Clinic Student Accepted into Gideon's Promise

January 30, 2019

Criminal and Juvenile Defense clinic student Krista Chaska 2L has been accepted into Gideon’s Promise, a highly competitive summer law clerk program.

Named after Supreme Court case Gideon v. Wainright, Gideon’s Promise is a non-profit organization placing law clerks and new public defenders in underfunded offices mostly throughout the Southern U.S. Through offering myriad opportunities for law students and attorneys alike to strengthen public defender training, they seek to fulfill their mission of “[transforming] the criminal justice system by building a movement of public defenders who provide equal justice for marginalized communities.”

Chaska was accepted into the Summer Law Clerk program, which places current law students with a Gideon’s Promise partner office for a 6-10 week internship. She will be clerking in Saint Tammany Parish, Louisiana, which currently has the highest incarceration rate in the country. 

What drew you to apply for Gideon’s Promise Summer Clerkship program?

“When I began designing the Juvenile and Criminal Defense Clinic this past semester and started working at the Ramsey County Public Defender’s Office, my passion for public defense grew and solidified immensely. While working through these two experiences, the grave injustices within the criminal justice system became very apparent and I knew that I wanted to look for an opportunity where these injustices where consistently being identified, questioned, and reacted to in order to improve the system. Gideon’s Promise’s mission of creating a generation of public defenders who want to implement change through a client-centered approach to legal representation really resonated with me and was the main reason I applied to the program!”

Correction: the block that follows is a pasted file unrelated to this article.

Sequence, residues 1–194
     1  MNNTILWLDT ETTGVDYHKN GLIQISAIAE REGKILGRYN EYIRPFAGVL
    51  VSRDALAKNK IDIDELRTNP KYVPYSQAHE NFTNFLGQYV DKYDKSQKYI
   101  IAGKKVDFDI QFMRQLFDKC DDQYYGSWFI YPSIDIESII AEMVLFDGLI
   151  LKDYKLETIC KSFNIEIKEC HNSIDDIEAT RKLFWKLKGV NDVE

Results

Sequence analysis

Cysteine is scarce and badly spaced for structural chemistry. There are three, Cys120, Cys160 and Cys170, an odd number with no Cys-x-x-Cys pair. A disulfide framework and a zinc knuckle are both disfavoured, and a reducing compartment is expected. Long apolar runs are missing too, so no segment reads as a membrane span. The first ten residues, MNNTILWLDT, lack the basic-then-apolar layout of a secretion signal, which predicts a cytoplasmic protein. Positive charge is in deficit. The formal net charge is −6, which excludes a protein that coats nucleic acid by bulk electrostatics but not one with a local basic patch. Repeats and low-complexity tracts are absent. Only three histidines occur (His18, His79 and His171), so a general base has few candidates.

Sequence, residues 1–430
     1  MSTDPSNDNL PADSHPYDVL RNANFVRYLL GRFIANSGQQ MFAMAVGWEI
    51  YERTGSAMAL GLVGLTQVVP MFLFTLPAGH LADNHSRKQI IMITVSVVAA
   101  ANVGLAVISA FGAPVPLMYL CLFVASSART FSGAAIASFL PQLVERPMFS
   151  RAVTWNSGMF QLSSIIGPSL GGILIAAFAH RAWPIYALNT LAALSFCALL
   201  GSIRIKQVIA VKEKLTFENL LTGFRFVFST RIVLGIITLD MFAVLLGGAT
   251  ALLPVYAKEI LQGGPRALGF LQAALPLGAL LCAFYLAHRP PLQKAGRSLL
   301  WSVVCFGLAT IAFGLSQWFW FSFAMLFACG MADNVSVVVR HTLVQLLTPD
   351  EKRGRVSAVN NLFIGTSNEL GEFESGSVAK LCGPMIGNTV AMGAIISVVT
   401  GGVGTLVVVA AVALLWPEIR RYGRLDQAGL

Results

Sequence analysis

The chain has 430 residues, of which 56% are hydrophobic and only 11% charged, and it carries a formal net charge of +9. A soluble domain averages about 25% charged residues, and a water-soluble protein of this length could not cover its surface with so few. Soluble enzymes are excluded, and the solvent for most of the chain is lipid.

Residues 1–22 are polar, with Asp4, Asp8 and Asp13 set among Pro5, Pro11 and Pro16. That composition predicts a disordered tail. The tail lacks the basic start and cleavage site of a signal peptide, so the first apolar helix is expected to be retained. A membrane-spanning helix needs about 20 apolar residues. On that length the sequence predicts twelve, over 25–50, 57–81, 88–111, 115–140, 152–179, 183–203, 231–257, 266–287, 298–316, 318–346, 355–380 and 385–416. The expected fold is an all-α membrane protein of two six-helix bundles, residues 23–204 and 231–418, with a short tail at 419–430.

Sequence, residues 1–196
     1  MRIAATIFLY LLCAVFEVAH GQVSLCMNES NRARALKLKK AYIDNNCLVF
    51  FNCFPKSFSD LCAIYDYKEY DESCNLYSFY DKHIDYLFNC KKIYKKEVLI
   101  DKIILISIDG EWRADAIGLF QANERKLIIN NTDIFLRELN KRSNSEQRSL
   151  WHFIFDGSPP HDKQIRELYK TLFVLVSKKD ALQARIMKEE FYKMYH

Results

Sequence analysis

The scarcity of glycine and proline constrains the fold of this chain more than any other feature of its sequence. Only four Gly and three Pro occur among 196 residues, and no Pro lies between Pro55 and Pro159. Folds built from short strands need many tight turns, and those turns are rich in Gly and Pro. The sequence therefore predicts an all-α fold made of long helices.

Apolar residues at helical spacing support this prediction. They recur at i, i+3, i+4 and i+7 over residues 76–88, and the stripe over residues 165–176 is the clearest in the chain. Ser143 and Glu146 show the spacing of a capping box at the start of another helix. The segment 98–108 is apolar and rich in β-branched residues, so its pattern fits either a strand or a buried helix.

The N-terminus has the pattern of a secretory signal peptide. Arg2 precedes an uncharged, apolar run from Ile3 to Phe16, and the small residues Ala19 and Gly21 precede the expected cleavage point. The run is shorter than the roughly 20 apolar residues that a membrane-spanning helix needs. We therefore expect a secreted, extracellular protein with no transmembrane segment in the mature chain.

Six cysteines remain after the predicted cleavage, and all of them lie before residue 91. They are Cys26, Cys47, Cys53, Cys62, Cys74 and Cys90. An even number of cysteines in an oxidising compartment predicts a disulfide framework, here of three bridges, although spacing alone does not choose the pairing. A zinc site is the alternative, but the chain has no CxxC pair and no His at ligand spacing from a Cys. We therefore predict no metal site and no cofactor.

Why did you specifically select St. Tammany Parish as your office location?

“After researching the different office placements, St. Tammany Parish was a location that instantly stood out as a unique challenge. St. Tammany Parish is reported to have more individuals incarcerated per capita than anywhere in the world lending to its nickname ‘St. Slammany.’ While the injustices within the system exist in every courtroom around the nation, and any office placement would have held so much room for change, the opportunity to go to St. Tammany and help push back against these disparate rates of incarceration was the reason I chose this as my top office placement.”